Random Samples

Science  08 Oct 2010:
Vol. 330, Issue 6001, pp. 157

You are currently viewing the .

View Full Text

Log in to view the full text

Log in through your institution

Log in through your institution

  1. Three Q's


      Even among the 23 unusual individuals awarded no-strings-attached $500,000 “genius grants” by the MacArthur Foundation last week, John Dabiri stands out. A biophysicist at the California Institute of Technology in Pasadena, Dabiri studies the fluid mechanics of how jellyfish swim. Science spoke with him about his research, which he says could be applied to systems such as the beating heart or even wind farms.

      Q: Why jellyfish?

      What I'm primarily interested in is the fact that they're so simple. Other, higher organisms have greater neural capacity. These are quite simple, but by using fluid mechanics they're able to achieve complex behaviors. We've been looking at vortex rings, which are like smoke rings you'd blow with a cigar. It turns out that by creating those rings they're able to move through the water more efficiently than they otherwise could.

      Q:What can studying them tell us about the heart?

      Not all jellyfish are created equal. Some are highly efficient; some are fast but less efficient. … These properties show up in the types of rings they form. Similarly, we can look at the flow in the left ventricle in the heart, which also forms these vortex rings, and correlate shape and size to various performance levels in the heart.

      Q:Any plans yet for the money?

      I'm going to take swimming lessons. We go into the ocean … and use combinations of different laser techniques … to infer the water motion and measure the velocity and forces being generated. … Since I never learned how to swim, the students and postdocs are the ones who take the measurements in the water. … I'd like to join them.

    1. Disgraced, Dismissed, But Still Herr Doktor

        Jan Hendrik Schön may have ruined his scientific career, but he can keep his doctorate, a judge in Freiburg, Germany, decided last week. In 2002, the physicist touched off one of the biggest scandals to rock physics when it became clear that he had fabricated data in at least 17 papers on the electronic properties of organic materials (Science, 4 October 2002, p. 30). After being fired from his job at Lucent Technologies' Bell Laboratories in Murray Hill, New Jersey, he disappeared from public view.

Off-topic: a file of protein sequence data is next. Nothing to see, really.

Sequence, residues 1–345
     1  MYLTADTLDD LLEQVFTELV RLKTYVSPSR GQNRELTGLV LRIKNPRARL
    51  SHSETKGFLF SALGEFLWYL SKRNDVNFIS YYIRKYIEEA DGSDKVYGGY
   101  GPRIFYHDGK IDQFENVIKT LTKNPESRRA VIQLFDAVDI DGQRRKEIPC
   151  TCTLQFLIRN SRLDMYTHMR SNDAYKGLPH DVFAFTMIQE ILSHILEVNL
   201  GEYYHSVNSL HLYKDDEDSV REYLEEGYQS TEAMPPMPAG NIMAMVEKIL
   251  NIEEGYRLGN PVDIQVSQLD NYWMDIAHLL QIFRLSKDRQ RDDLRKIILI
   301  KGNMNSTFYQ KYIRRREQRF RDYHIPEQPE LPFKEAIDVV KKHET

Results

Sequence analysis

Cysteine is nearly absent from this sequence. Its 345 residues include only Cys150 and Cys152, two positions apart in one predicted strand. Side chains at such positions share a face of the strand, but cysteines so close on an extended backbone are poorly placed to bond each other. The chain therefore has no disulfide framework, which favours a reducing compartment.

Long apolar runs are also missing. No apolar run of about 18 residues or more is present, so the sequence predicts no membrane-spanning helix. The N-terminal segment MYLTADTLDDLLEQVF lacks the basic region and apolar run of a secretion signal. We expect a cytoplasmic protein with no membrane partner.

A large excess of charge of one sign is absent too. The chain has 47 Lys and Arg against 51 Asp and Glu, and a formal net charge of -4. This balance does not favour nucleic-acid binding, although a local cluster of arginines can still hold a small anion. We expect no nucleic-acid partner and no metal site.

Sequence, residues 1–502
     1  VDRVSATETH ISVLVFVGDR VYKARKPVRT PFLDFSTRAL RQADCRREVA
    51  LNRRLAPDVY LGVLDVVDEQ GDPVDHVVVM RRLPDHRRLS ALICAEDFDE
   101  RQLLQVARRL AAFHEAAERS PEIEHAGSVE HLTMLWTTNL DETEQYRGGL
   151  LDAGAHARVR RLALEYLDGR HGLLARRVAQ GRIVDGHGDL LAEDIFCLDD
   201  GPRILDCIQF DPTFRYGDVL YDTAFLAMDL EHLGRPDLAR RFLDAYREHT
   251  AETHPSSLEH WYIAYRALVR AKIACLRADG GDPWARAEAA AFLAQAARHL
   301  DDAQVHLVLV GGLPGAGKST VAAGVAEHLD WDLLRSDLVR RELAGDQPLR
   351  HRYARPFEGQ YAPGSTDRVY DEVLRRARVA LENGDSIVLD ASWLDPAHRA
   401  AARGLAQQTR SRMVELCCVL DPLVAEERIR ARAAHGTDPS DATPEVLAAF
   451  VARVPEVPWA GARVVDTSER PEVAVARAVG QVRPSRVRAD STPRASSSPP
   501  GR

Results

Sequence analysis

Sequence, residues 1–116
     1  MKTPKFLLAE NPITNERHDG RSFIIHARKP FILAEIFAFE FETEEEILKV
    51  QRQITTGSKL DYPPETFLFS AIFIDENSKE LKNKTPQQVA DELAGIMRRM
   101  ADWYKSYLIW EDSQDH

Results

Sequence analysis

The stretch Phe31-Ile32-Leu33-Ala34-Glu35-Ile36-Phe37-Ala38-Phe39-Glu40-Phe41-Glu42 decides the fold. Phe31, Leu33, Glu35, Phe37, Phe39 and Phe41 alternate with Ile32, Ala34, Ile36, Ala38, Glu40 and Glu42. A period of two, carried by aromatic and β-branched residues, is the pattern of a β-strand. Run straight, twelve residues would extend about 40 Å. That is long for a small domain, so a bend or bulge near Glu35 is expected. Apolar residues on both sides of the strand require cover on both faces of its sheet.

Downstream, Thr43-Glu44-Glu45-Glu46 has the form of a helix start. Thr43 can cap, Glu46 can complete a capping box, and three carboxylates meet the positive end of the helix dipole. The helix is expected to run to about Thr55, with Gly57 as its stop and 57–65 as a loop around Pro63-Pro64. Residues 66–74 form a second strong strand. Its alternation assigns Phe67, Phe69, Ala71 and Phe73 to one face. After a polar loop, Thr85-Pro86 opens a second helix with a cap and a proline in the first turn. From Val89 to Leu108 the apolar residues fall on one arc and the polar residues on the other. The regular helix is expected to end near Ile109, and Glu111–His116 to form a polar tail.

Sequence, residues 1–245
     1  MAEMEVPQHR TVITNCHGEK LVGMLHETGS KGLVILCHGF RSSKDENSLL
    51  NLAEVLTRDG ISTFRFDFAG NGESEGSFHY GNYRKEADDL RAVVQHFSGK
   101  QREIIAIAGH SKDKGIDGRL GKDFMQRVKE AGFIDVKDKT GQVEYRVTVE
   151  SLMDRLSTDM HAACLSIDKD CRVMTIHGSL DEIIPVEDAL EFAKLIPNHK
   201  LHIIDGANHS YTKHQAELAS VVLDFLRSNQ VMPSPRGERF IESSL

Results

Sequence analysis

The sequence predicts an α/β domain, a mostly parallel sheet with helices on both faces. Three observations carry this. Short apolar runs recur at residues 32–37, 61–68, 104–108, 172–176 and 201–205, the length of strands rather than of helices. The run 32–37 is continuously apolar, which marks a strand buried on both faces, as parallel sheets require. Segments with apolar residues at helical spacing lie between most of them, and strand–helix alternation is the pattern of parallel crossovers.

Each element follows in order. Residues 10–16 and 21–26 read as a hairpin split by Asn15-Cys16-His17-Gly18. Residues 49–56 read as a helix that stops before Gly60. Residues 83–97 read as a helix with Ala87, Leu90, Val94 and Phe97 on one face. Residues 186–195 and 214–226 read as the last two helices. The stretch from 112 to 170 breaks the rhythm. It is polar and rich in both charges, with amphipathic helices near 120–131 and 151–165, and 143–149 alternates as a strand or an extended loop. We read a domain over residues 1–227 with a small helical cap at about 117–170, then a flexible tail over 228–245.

In 2004, the physics department's doctoral committee at his alma mater, the University of Konstanz, asked Schön to return his doctoral certificate, citing a law that allows universities to rescind degrees when the recipient acts dishonorably, says university rector Ulrich Rüdiger. Schön filed an objection and last year sued the university. The judge in the case has now ruled that because Schön's misconduct wasn't related to his degree, the university can't take back his title.

        “Scientific misconduct is a bit like doping in sports,” Rüdiger says. “You can ban them from competition, but there are few legal penalties.” He says university officials will receive the judge's full decision in October and then will decide whether to appeal. Schön is apparently working as an engineer for a company in Germany, Rüdiger says.

      1. They Said It

          What am I in truth?

          What am I in reality,

          When only one in 10 of my cells

          Is genetically humanity?

          —From “Bacteria,” one of the 20-odd songs celebrating the universe on scales from angstroms to astronomical units in “Powers of Ten,” a choral work by composer David Haines. More than 200 singers from the Washington, D.C., area are set to perform the work on 10 October at the University of Maryland, College Park, kicking off the first inaugural USA Science & Engineering Festival. See www.usasciencefestival.org.

        1. What, Us Bitter?


            A nice piece of dark chocolate might sound tempting, but for many people in the Pamir Mountains in central Asia, the bittersweet candy would hardly be a treat.

            That is one of the findings to emerge from an expedition by Italian scientists who followed in the footsteps of 13th century Venetian merchant Marco Polo along the ancient trading route known as the Silk Road. From July to September, they traveled more than 14,000 km from Trieste in Italy to Shanghai in China, hitting Georgia, Azerbaijan, Turkmenistan, Uzbekistan, Tajikistan, and Kazakhstan. Along the way, the team tested the reactions of more than 700 people to bitterness and saltiness, asked about their food preferences, took saliva samples, and tested their sense of smell and color and their sound perception. The idea is to understand better how our genes—even those not directly tied to taste receptors—might influence what we like to eat, says Paolo Gasparini, a geneticist at the Burlo Garofolo Hospital in Trieste.

            In the Pamir region, the team found that some 37% of people are “supertasters” extremely sensitive to bitter tastes, compared with 7% to 15% in most European countries. Indeed, a regional specialty is dried-apricot soup, which to a Westerner might sound more like dessert.